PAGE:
Declaration on the use of altitude rooms/hyperbaric chambers
adopted by the Monitoring Group at its 11th Meeting on 30 – 31 March 2000 in Strasbourg
As forbidding these techniques is probably not the best solution, the Group suggests warning those concerned on the risks of these processes:
High-altitude training is permitted for athletes, and it cannot be banned for natural reasons: some nations/athletes are normally located at high altitudes. Artificial environments mimicking the main consequence of high altitude (lowering of the partial pressure of oxygen, that means the percentage of oxygen in the inspired air) could theoretically be banned, because they are unnatural, and they could be controlled.
Contrary to natural high altitude, artificial means (hypoxic chambers) are not limited to conditions corresponding to several thousand meters above sea level: their pressure or oxygen content can theoretically be expanded to quite unnatural, dangerous or even lethal measures.
On the other hand, the real benefit in performance enhancement will certainly depend on further conditions: while enhanced performances have been observed under specific circumstances, they may lack under other ones.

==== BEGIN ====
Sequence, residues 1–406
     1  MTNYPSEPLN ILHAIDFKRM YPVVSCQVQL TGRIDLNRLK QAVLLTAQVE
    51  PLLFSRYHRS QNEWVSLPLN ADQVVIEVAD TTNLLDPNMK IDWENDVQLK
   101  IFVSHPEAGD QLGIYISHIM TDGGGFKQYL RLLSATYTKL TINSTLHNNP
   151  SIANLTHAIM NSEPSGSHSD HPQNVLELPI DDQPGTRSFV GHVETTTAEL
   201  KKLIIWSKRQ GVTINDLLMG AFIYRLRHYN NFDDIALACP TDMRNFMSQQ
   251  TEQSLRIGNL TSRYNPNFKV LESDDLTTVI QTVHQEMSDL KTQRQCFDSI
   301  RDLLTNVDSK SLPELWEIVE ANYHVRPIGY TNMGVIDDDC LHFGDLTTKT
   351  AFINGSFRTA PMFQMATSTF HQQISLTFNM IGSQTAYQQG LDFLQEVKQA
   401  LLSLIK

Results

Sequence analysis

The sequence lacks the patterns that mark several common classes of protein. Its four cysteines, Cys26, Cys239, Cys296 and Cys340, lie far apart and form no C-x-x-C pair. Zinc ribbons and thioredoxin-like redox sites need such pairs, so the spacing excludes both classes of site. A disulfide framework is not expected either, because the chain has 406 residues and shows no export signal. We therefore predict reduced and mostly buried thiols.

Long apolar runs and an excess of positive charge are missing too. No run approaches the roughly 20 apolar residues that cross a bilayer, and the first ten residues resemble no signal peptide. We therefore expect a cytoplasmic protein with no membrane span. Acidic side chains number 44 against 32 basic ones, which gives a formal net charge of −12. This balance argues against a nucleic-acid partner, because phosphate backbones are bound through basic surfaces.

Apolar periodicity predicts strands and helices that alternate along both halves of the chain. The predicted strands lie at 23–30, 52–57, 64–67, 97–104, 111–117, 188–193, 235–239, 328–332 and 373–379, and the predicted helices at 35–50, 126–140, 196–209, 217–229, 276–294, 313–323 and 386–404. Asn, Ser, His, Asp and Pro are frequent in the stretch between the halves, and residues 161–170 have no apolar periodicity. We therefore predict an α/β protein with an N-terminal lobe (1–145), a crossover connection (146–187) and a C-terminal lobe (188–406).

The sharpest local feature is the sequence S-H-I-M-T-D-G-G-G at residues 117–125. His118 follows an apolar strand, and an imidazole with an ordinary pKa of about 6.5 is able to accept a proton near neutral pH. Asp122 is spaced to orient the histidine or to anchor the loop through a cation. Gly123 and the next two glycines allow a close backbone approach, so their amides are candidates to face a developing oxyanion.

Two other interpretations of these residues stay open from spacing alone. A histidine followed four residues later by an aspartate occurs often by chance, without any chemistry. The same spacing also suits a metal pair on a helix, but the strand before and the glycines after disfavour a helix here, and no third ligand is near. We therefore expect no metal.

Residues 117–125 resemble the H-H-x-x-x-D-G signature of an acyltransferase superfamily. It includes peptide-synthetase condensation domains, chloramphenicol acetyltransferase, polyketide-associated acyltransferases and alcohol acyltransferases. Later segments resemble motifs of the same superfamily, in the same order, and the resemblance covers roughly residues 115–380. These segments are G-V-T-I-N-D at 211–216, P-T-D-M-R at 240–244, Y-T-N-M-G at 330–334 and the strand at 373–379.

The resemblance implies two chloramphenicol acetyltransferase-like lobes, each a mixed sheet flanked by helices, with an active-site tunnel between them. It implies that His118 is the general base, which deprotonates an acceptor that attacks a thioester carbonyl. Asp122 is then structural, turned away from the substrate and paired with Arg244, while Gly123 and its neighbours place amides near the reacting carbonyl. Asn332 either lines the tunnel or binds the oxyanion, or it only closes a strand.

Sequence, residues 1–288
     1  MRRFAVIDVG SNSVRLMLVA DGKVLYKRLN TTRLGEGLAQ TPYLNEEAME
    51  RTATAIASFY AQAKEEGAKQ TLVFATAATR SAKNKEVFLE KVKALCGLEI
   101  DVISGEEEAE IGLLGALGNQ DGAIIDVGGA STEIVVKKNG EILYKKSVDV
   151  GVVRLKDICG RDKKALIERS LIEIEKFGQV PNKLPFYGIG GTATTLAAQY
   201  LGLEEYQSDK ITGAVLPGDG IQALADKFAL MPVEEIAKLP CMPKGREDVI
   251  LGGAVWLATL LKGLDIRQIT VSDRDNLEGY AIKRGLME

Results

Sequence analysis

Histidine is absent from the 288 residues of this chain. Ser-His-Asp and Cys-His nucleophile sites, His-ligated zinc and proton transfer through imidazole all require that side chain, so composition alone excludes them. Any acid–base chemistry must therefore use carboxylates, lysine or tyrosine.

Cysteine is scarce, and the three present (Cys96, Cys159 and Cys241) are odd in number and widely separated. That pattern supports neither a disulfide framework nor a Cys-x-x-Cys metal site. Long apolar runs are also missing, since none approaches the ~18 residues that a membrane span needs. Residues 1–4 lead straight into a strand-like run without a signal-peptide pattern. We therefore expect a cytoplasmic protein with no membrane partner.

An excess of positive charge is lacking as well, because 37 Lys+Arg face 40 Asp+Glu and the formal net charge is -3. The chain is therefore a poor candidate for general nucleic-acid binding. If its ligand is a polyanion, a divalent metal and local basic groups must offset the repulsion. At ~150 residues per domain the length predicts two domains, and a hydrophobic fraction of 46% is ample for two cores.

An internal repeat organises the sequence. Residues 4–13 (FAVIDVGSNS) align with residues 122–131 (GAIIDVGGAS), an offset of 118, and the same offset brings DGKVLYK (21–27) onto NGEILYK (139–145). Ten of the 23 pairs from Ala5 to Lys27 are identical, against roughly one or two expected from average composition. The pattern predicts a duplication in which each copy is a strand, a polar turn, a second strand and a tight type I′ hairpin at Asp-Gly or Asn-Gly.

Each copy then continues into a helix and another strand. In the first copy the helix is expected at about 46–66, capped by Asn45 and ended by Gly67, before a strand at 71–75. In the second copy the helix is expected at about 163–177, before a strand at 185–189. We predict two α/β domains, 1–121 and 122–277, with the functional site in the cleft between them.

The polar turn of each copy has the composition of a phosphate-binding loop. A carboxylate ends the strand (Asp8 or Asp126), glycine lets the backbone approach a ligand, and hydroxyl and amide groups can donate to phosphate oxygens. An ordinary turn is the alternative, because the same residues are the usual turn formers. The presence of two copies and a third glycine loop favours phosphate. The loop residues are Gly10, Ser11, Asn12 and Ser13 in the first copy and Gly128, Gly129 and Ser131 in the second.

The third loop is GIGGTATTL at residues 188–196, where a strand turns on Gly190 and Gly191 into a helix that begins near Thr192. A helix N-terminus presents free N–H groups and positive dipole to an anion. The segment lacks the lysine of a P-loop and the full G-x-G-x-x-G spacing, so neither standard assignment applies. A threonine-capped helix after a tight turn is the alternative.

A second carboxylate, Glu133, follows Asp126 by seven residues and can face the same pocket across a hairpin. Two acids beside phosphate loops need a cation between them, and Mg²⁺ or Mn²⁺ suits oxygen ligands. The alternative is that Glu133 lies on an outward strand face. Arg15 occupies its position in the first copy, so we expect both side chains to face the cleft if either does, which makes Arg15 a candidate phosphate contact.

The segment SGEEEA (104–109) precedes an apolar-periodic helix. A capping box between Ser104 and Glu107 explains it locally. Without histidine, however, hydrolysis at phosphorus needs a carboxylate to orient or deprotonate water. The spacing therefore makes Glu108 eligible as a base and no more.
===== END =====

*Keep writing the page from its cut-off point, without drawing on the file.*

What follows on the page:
Different technical concepts play probably an additional role: hypobaric chambers similar to high geographical altitude provide low air pressure and lower oxygen content per inhaled volume simultaneously, whereas other chambers lower only the oxygen content (lower percentage than the normal 20%). The physiological consequences or risks of those different conditions as well as the influence on performance can differ.
In general, these considerations have to assume technical perfection. Serious risks would be introduced, if the predetermined, physiologically justified parameters could not be technically guarantized.
But the possibility to obtain similar effects by natural (although more expensive and more time-consuming) means should be discouraged for at least unreasonably extended use, but not to prohibit these methods for the time being.